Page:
Also check out the IRS memo on what to expect when providing the agency with information about tax evasion.

That system has improved over the years, but it still takes a while and requires the actual collection of substantial unpaid taxes before the IRS Whistleblower Office says thanks to tax tattletales with cash.

Still, under the right circumstances, the tax cheat reporting and wait can be very rewarding. Just ask Bradley Birkenfeld.

JDKatz, P.C. is a full-service law firm focused on tax law and estate planning. We are dedicated to minimizing your existing liability and risks while providing valuable tax planning to streamline your tax issues in the future. Please call us at 301-913-2948 to schedule an appointment to meet with one of our trusted attorneys.

Amid allegations against the IRS for having a terribly organized and inefficient whistle-blower program, the IRS has decided to review the program and improve its backlog and working practices. According to Steven T. Miller, Deputy Commissioner for Services and Enforcement, the IRS will work with “internal and external stakeholders on a comprehensive review of operating guidelines and procedures…to improve the timeliness and quality of decisions.”

The improvements include:

  • Whistleblower Office-claims received should be initially evaluated by the Whistleblower Office within 90 days.
  • Operating Divisions and Criminal Investigation-review by subject matter experts should be completed within 90 days of receipt.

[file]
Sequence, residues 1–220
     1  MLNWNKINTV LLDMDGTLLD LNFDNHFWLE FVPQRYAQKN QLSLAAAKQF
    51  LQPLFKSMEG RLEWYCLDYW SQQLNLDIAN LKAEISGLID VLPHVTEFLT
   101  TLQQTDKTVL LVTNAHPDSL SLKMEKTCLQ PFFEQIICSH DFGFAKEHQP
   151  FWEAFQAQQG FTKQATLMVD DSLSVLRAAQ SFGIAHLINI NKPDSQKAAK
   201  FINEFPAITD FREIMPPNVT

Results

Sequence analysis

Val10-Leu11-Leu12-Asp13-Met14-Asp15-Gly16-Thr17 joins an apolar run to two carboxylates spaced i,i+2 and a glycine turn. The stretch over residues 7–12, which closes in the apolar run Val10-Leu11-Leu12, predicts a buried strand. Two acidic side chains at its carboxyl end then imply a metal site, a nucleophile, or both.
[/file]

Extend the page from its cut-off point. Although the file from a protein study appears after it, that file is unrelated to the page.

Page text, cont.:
• Whistleblower Office-whistleblowers should be notified of an award decision within 90 days of when collected proceeds can be finally determined.

This is a drastic improvement to their previous turn-around rate of 7 years. Currently the IRS whistle-blower office operates with 35 employees, however in order to achieve these lofty goals, the IRS will have to hire more able-minded people to expedite the process. Deadlines will be closely monitored with internal performance reviews for IRS agents and offices working on whistler-blower cases.

According to IRS procedures, agents may only speak with the whistle-blower once during the investigation due to the concern of divulging confidential information. Once the 90 days are complete of the initial review, tipsters will be notified of whether their case is eligible and how much their rewards will be.

Advocacy groups like “Taxpayers Against Fraud” (Washington based interest group that promotes IRS reform and encourages whistle-blowers) would like the IRS Commissioner Douglas Shulman to speak in support of the whistle-blower initiatives. Shulman has yet to voice his opinions on the matter and many are feeling silence is the loudest form of communication at this point.

Whether Shulman voices his support or not, the IRS whistle-blower office made drastic changes that will streamline operations in a timely and efficient manner. Let’s just hope more people will feel comfortable speaking out against any unethical tax procedures.

JDKatz, P.C. is a full-service law firm focused on tax law and estate planning. We are dedicated to minimizing your existing liability and risks while providing valuable tax planning to streamline your tax issues in the future. Please call us at 301-913-2948 to schedule an appointment to meet with one of our trusted attorneys.